Sketches of the History of Ogle County, Ill., and the Early Settlement of the Northwest

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Henry R. Boss, 1859 - 88 strani
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Stran 61 - It is hereby ordained and declared by the authority aforesaid that the following articles shall be considered as articles of compact, between the original states and the people and states in the said territory, and forever remain unalterable, unless by common consent...
Stran 61 - Provided, however, and it is further understood and declared that the boundaries of these three States shall be subject so far to be altered, that, if Congress shall hereafter find it - expedient, they shall have authority to form one or two states in that part of the said territory which lies north of an east and west line drawn through the southerly bend or extreme of Lake Michigan.
Stran 19 - ... point where the Fox river (a branch of the Illinois) leaves the small lake called Sakaegan ; thence down the Fox river to the Illinois river, and down the same to the Mississippi. And the said tribes, for and in consideration of the friendship and protection of the United States, which is now extended to them...
Stran 21 - Bee visions ; he became afterward an inspired prophet, favored with a divine commission from the Great Spirit — the power of life and death was placed in his hands — he was appointed agent for preserving the property and lands of the Indians, and for restoring them to their original happy condition. He thereupon commenced his sacred work. The public mind was aroused, unbelief gradually gave way, credulity and wild fanaticism began to spread its circles...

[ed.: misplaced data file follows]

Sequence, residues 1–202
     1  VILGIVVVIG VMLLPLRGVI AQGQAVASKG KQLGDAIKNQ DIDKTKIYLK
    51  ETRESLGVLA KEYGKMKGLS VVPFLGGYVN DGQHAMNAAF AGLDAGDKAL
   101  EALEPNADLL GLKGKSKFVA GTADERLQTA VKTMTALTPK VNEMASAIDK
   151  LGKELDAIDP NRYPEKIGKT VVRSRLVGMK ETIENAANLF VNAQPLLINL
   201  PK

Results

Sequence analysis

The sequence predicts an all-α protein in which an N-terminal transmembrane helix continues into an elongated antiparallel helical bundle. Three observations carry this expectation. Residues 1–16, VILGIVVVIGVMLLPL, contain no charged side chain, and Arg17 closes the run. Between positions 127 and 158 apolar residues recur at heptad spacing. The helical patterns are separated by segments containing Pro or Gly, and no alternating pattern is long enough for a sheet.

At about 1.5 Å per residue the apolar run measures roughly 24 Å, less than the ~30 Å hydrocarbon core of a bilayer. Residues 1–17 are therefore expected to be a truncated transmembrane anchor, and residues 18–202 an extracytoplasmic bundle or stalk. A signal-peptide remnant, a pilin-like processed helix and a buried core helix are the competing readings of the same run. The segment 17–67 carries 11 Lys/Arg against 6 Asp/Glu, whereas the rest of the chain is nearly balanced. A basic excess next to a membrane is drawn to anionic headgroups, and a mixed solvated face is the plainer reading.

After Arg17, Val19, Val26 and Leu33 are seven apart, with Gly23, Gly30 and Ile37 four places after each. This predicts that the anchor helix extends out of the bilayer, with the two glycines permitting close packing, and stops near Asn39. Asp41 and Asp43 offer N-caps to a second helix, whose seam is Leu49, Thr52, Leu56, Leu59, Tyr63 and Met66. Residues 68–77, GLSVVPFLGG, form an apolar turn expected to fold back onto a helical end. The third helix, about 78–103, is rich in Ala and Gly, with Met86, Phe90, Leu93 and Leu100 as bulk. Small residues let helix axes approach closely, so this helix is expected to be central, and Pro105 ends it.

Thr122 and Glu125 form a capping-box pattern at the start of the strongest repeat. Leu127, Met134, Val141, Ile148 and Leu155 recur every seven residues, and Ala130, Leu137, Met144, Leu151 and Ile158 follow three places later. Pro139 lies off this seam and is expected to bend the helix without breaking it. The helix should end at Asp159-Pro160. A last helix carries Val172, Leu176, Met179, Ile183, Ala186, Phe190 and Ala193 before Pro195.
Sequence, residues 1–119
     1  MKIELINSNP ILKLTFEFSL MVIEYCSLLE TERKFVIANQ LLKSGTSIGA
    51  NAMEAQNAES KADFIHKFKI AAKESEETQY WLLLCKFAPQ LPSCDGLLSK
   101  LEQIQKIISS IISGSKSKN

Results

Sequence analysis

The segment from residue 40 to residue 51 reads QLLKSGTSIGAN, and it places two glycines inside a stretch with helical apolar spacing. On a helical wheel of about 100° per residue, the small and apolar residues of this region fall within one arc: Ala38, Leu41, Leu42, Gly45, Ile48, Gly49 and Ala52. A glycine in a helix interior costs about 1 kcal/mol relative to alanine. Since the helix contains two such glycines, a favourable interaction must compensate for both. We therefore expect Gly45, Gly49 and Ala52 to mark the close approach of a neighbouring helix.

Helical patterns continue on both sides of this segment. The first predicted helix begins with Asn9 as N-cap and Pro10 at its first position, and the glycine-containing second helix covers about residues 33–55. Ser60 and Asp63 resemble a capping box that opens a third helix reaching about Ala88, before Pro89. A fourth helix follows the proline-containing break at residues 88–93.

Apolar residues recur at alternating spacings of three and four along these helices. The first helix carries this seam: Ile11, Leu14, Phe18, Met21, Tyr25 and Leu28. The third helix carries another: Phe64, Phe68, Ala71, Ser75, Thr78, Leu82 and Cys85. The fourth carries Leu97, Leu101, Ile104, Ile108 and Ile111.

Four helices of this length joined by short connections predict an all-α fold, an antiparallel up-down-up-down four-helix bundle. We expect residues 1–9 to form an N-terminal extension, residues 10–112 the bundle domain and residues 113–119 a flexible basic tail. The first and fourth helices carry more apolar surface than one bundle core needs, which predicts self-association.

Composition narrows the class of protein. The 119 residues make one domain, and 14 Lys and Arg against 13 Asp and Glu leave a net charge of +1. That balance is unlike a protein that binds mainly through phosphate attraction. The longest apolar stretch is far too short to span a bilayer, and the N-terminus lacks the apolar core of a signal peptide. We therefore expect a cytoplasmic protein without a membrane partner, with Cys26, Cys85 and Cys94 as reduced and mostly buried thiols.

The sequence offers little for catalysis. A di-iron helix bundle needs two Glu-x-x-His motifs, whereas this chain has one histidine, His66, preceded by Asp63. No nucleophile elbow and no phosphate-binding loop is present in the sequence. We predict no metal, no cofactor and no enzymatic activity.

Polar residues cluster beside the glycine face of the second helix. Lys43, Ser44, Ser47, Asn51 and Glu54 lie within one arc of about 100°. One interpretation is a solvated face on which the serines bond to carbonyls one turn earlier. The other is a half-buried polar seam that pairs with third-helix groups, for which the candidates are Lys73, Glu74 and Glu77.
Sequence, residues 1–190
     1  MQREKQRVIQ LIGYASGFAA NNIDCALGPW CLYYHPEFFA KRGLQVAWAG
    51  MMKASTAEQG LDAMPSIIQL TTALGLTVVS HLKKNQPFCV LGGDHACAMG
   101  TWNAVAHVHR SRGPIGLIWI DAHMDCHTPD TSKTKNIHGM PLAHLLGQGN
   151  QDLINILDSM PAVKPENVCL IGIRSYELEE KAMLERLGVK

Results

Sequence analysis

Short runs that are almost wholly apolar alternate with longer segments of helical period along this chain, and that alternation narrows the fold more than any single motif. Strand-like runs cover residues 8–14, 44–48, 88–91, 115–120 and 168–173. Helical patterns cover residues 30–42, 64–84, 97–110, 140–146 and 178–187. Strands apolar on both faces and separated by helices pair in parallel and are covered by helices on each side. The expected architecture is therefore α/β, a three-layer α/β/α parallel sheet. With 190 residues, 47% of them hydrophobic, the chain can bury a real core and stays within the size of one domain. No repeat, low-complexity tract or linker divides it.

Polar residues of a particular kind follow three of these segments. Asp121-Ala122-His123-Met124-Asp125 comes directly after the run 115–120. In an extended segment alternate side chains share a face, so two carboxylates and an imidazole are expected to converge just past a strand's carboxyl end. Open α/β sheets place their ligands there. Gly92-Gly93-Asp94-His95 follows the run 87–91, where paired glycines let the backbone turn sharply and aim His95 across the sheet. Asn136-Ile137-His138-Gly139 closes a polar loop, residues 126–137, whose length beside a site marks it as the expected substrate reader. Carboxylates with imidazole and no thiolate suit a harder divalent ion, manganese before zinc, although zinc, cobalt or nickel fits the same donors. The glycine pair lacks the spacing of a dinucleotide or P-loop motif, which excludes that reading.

Stran 9 - Father Marest, writing from the post at Vincennes in 181 2, makes the same observation. Vivier also says : " Some individuals dig lead near the surface and supply the Indians and Canada. Two Spaniards now here, who claim to be adepts, say that our mines are like those of Mexico, and that if we would dig deeper, we should find silver under the lead ; and at any rate the lead is excellent. There is also in this country, beyond doubt, copper ore, as from time to time large pieces are found in the streams.
Stran 62 - Resolved, That the proceedings of this meeting be signed by the Chairman and Secretary, and published in both of the newspapers of Iowa City.
Stran 9 - In the five French villages are, perhaps, eleven hundred whites, three hundred blacks and some sixty red slaves or savages. The three Illinois towns do not contain more than eight hundred souls all told. Most of the French till the soil; they raise wheat, cattle, pigs and horses, and live like princes. Three times as much is produced as can be consumed; and great quantities of grain and flour are sent to New Orleans.
Stran 9 - We have here whites, negroes and Indians, to say nothing of cross-breeds. There are five French villages, and three villages of the natives, within a space of twenty-one leagues situated between the Mississippi and another river called the Karkadaid (Kaskaskias).
Stran 61 - Resolved, That in the opinion of this meeting that part of the northern territory which lies north of an east and west line through the southerly bend or extreme of Lake Michigan belongs 'to and of right ought to be a part of the state or states which have been or may be formed north of said line.
Stran 19 - The United States receive the united Sac and Fox tribes into their friendship and protection, and the said tribes agree to consider themselves under the protection of the United States, and of no other power whatsoever.

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